Anita's quilts and quilting

A professional longarm machine quilter for hire and some of the work I've done.

House dashboard

What’s a house dashboard?  Well it’s similar to the dashboard of a car that gives you all kinds of information about your car.  A house dashboard gives you all kinds of information about your house’s electricity use.

House dashboard

A house dashboard will tell you how much each appliance is costing you.  With this thing you can monitor the amount of electricity you use each minute, hour, day, week, month, etc.  The car dashboard will tell you when it’s time to fill up the tank.  A house monitor will tell you when you’re using too much electricity for your budget.

House dashboard

It gives you an estimated monthly dollar cost based on the amount you are using.  It also gives you an actual amount you’ve already used.  This is helpful if you have trouble figuring out how much to budget for paying your utility bill.  Especially these days when it seems the utility companies keep raising the cost almost every month.  Granted, this monitor does not measure the amount of gas you use in your house.  It only monitors electric use.

So think about that.  How many electric devices do you have in your house?  Chargers, appliances, tvs, lights, washer, dryer, microwave, dishwasher, games, computers, mixers, bread machines, and many other things.  Older electric items use much more electricity than newer items.  For example:  my old (tower) computer, by itself, has 6 things plugged into the electric power grid.  My very old tv has 4 things hooked up to the grid.  Two of those things don’t even work but must remain hooked up in order for the old tv to get cable.  My 30 year old refrigerator is a big electricity guzzler.

How many items in your home have a clock on them?  Geeze, how many clocks does it take to know what time it is?  Those clocks use electricity.  True, it’s a small amount.  Yet, those small amounts can really add up when put all together.  Do you really want to pay for the electricity to have  a dozen clocks in your house?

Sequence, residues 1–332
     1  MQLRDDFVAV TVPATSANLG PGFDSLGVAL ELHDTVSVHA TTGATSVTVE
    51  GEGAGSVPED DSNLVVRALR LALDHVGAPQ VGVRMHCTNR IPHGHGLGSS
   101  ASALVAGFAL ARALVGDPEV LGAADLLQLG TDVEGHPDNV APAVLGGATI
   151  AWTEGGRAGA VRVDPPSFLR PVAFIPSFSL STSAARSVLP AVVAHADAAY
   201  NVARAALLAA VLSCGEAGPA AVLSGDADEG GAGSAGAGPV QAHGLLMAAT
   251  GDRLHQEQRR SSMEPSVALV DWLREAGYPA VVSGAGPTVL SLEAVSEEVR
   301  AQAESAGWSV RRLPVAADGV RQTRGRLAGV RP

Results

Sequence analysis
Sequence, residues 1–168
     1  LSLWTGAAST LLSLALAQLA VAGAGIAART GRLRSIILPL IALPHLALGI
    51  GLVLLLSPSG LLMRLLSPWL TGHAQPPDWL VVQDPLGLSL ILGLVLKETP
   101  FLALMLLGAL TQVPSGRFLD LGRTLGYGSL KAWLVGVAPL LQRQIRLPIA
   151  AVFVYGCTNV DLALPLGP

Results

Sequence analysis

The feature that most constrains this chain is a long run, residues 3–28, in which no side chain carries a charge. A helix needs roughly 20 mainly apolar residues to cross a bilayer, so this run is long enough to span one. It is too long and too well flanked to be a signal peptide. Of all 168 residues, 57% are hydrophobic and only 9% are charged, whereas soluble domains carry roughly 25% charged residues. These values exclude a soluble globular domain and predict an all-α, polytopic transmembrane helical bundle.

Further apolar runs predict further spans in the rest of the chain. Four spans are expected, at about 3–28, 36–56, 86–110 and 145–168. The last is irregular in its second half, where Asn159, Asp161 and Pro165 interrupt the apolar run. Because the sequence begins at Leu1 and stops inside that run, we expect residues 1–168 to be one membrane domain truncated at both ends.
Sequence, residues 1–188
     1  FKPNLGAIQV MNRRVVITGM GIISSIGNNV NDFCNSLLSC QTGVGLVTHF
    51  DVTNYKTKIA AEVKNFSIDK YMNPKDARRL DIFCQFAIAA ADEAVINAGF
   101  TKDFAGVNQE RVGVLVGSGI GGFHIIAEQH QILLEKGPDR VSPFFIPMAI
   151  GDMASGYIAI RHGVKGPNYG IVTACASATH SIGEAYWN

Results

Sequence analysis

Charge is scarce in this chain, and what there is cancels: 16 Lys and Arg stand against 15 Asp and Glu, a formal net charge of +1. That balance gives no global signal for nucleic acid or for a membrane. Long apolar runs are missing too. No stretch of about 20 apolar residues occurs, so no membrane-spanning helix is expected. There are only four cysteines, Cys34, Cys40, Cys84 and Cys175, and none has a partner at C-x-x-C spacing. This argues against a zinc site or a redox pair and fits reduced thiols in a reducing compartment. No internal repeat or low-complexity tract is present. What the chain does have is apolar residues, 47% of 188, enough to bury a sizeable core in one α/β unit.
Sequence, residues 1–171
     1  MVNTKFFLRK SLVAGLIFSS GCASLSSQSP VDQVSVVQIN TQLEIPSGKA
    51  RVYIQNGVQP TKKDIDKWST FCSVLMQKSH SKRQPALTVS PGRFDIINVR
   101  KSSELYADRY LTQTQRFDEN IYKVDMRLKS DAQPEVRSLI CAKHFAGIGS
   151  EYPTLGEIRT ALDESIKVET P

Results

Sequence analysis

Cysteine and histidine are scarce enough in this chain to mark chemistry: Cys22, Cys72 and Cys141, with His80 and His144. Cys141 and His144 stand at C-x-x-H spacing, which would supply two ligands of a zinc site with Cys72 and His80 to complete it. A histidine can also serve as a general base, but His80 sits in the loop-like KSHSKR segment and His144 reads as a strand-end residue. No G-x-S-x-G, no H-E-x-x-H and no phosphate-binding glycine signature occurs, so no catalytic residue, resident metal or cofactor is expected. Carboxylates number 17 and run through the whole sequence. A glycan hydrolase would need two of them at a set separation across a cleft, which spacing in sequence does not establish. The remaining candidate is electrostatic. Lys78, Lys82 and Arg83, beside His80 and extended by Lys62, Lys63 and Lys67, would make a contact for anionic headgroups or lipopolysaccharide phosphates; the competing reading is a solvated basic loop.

Only two parts

How many of the electrical items in your house are left on when you’re not using them?  How many of those items have an “instant on” or a “standby” feature?  Instant on and standby means the item is constantly using electricity while it waits for you to return.  The minute you start to use it, it’s instantly ready to work.  When I was a young mother, none of our electrical items had instant on or standby features.  We had to turn an electrical item on and wait a few seconds for it to warm up before it would work.

I don’t know about you but I’m tired of giving away my hard earned money to a power company.  I don’t mind waiting for few seconds.  Waiting a few seconds for something to warm up versus paying for non-use electricity?  A no brainer for me.

This thing was so easy to install.  Simply put the ring over the glass meter and tighten up just enough it wouldn’t fall off.  I had to position the “eye” just right.  This thing will work on most electric meters, even old ones like ours.

Fit onto the electric meter

The dashboard was just as easy to set up.  The instruction book has easy formulas for finding your cost per kilowatt hour based on how your utility company bills.  There’s flat rate, tiered, and time of use billing.  I took the easy way and called the utility company to ask the rate.  Ok, I wanted to call them anyway to be sure there wouldn’t be a problem with reading the meter with this installed.

The dashboard part

I’m glad I called because I had a really nice conversation with a young man who was excited I was going to use the monitor.  He said he wished he could convince others to use one too.  He said he deals with people everyday who run up really high utility bills then complain when it’s time to pay or be turned off.  He suggests free and very low cost ways to help cut down on their use but he feels as if it’s going in one ear and out the other.

The customers he deals with everyday rely on government programs and charity groups to help pay their high bills and do nothing to reduce their use.  I had to laugh at that.  “Why are you laughing?” he asked.  Well, think about it, anyone who actually works at keeping their use low would have no need to work out payment arrangements.  Anyone who actually does the cost cutting things wouldn’t have an extremely high bill in the first place.  And, they wouldn’t be relying on assistance.  So therefore, you would never have reason to talk with them.   He started laughing too.

I’ll be writing more posts over the next few weeks as I show more ways I’m cutting back my utility costs.  I hope the posts will be helpful for you too.


One comment on “House dashboard

  1. kathi
    September 15, 2011

    THAT is really a neat device Anita!! hmmm? We have been very “big” on keeping the microwave (clock) coffee pot (clock) toasters, etc etc UNPLUGGED when we are not actually using them. Also deffinately shut OFF the computer when not in use, even unplug the modem box. However I am fearful of unplugging the entire “set up” . hmmm? The TV is behind a HUGE armoir in the living room. Older Tv. But there is no way to unplug that when not in use. (and yes, a plethora of items plugged in to make it all work) We want FULL REPORTS on how well this gizmo works for you, and the other electric use reductions. THANKS for a GREAT idea.

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This entry was posted on September 15, 2011 by in ENERGY SAVING IDEAS.

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